Semyon Zorich

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Semyon Zorich
Zorich Semyon Gavrilovich.jpg
Native name Simeon Zorić
Born 1743
Čurug, Military Frontier, Austrian Empire (now Serbia)
Died 1799 (aged 56)
Allegiance Russian Empire Russian Empire
Years of service 1754–99
Rank lieutenant-general

Semyon Zorich (1743–1799) was an Imperial Russian lieutenant-general and count of the Holy Roman Empire, born in Serbia, who served Imperial Russia against the Prussians and Turks. A member of the Russian court, he was presented to Empress Catherine the Great by Grigory Potemkin and, after having been tested by Praskovja Bruce and doctor Rogerson, became the Empress' lover. He was most influential in the commercial development of Shklov and Mogilev.

Early life[edit]

Simeon (Sima) Gavrilović Zorić (Russian: Семён Гаврилович Зорич/Semyon Gavrilovich Zorich), a Serb, was born in Čurug, a village at the time part of the Military Frontier of the Austrian Empire (now Žabalj municipality, South Bačka, Serbia). His exact date of birth is unknown, though on May 11, 1754 he signed up for the Hussar regiment in Slavo-Serbia, citing his birth year as 1743 (which would make him 11 at the time). His Serbian name Simeon (Semyon in Russian), customarily indicates that he was born on September 1, the date Serbs venerate Saint Simeon Stylites.

Semyon's father was Gavrilo Nerandžić and his mother was Stefanija, the daughter of Jovan Zorić, a military officer from the Potisje region (Tisa river basin), in the province of Vojvodina located in Serbia. The river Tisa flows between Banat and Bačka regions and was a strategic military frontier where the famed Šajkaši in their armed vessels patrolled the major rivers (Danube, Tisa, Drava, Sava) keeping the Ottomans at bay.

Semyon had a brother, David Nerandžić, who later on served in the Imperial Russian army with him. Both the Nerandžić and Zorić families were close and lived in the Potisje military frontier of the Austro-Hungarian Empire before settling in Russia. Jovan Zorić's wealthy nephew Maksim Zorić had no male heir (only a daughter named Juliana) and in this customary way Semyon was adopted by his older cousin.

The Russian government appealed in early 1750 to Serb settlers, creating two settlements in New Russia, called New Serbia and Slavo-Serbia. The region became a staging area and chief supply depot for troops intended for operations against the Turks. Slavo-Serbia was strategically located, bound by a line running from Dniepr along the middle course of the Samara to the Luganchik river. It became the new home of the Zorić and Nerandžić families, first settled by Maksim Zorić in 1752 and two years later by his brother Vasilije and Simeon, Maksim's adopted son from the Nerandžić family. Simeon who joined a cadet school in Slavo-Serbia as soon as he arrived in 1754, began showing great promise. He graduated from a cadet academy at St. Petersburg (1757), but his bent was decidedly towards his soldiering, and in 1757 he obtained a commission in the Hussar regiment.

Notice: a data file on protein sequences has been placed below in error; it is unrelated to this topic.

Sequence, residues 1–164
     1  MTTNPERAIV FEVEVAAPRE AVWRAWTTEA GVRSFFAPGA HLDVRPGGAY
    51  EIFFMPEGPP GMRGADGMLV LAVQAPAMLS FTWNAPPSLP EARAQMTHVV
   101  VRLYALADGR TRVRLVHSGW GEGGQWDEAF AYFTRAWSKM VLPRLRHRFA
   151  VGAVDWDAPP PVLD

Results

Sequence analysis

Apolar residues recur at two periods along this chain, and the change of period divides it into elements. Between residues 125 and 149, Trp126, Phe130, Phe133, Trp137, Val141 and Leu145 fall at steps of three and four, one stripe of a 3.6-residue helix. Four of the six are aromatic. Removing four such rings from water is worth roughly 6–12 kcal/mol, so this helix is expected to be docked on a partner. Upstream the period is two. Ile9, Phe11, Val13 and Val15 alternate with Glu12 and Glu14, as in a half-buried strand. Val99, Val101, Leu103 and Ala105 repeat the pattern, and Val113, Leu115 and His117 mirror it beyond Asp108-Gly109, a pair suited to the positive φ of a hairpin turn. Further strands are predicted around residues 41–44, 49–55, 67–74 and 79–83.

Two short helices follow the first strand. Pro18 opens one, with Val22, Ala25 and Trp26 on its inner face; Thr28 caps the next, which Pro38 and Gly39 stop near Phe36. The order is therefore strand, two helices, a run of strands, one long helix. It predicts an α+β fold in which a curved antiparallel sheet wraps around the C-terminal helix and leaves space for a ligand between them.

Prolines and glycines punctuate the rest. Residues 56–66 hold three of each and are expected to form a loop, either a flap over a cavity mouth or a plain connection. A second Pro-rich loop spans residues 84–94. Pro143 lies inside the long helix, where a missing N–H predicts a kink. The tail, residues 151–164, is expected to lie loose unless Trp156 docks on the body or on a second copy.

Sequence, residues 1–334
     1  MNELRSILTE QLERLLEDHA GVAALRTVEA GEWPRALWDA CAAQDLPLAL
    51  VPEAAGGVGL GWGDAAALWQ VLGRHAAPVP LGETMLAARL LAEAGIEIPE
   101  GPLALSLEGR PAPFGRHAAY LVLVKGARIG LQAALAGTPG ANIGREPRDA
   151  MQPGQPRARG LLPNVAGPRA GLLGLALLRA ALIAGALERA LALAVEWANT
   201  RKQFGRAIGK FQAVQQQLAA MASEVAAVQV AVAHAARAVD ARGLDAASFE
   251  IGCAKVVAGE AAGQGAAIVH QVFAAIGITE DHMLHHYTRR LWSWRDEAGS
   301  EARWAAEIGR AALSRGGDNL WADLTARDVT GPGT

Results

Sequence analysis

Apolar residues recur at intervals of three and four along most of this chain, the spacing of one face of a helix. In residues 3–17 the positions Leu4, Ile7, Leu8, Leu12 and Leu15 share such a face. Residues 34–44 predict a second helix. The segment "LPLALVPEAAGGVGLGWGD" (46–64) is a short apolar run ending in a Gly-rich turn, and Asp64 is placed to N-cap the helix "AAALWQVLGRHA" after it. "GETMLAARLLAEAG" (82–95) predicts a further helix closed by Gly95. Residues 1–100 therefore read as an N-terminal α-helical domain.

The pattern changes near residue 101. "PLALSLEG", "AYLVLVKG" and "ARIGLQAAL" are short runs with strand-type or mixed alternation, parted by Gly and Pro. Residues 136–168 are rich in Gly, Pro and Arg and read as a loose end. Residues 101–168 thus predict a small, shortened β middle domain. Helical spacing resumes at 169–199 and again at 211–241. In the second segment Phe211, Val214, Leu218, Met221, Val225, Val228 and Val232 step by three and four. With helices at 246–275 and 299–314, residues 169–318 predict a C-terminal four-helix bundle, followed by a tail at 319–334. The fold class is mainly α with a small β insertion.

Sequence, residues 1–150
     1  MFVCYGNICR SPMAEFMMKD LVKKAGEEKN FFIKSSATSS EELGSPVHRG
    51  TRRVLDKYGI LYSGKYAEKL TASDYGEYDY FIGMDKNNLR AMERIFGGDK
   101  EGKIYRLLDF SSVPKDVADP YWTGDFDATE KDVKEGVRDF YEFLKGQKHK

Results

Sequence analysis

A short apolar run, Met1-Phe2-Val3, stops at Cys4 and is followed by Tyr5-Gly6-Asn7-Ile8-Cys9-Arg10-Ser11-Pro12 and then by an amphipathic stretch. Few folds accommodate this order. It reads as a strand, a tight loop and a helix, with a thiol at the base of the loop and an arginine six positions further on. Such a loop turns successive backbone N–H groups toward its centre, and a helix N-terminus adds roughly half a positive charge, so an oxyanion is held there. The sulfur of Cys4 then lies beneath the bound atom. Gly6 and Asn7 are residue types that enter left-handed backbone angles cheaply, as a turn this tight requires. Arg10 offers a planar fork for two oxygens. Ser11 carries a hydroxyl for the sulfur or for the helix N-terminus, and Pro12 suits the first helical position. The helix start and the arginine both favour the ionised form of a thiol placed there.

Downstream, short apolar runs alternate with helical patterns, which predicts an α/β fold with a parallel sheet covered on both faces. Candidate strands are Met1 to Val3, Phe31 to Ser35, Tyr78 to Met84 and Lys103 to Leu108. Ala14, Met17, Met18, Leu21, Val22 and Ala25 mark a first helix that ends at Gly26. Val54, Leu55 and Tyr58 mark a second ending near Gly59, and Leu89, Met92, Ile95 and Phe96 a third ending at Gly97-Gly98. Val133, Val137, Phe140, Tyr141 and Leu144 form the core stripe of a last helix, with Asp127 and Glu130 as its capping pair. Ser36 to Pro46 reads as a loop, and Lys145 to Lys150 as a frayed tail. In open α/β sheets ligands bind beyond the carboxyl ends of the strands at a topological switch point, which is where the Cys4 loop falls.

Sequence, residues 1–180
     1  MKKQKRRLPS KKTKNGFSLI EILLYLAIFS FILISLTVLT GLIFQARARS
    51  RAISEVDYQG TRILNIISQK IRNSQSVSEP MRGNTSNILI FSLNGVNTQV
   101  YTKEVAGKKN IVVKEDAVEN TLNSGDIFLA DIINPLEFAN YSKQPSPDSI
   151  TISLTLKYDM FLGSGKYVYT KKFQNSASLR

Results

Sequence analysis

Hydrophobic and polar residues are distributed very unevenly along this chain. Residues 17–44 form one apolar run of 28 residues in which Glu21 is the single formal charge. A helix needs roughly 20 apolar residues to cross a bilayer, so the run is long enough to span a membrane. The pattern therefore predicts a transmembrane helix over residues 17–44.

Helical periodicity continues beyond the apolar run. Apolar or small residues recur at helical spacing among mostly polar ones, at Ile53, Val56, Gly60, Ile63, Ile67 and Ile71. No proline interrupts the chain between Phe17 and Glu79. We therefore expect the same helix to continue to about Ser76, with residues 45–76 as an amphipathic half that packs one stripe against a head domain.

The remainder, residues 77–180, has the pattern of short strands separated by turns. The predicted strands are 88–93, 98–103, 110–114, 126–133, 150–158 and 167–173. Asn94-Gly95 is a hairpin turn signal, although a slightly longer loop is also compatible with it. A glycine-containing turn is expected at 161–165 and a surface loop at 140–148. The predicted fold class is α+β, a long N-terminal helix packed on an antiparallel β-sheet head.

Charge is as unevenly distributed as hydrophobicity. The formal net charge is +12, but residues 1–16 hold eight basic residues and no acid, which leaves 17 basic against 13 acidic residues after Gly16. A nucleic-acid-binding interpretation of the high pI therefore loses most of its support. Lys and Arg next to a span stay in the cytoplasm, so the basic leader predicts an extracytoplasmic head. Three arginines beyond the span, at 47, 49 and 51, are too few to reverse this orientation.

Military career[edit]

Simeon first joined the Hussar regiment when he was only fourteen years old in 1756, at the start of the Seven Years' War, and four years later (1760) he had distinguished himself on the front as a daring soldier still in his teens who won a reputation of valour in the wars against Prussia. And, for the next decade Zorich continued to make for himself during these troublous times the reputation of a brave and distinguished cavalry officer.

Zorich served in the light cavalry in the Russo-Turkish Wars, and distinguished himself by his daring and resourcefulness, even during capture. But in spite of a long record of excellent service under Rumyantsev, Suvorov and Krechetnikov, and of his aristocratic connections, his promotion was but slow, until he was introduced by his stepfather to Catherine the Great and Potemkin, her lover of long standing. In the interval between the Polish-Lithuanian and Turkish wars, Zorich, who combined with military gifts and courage was also employed in an unofficial mission to Stockholm, and from then on became a paramour of Catherine II for almost a year until he came to loggerheads with Prince Potemkin.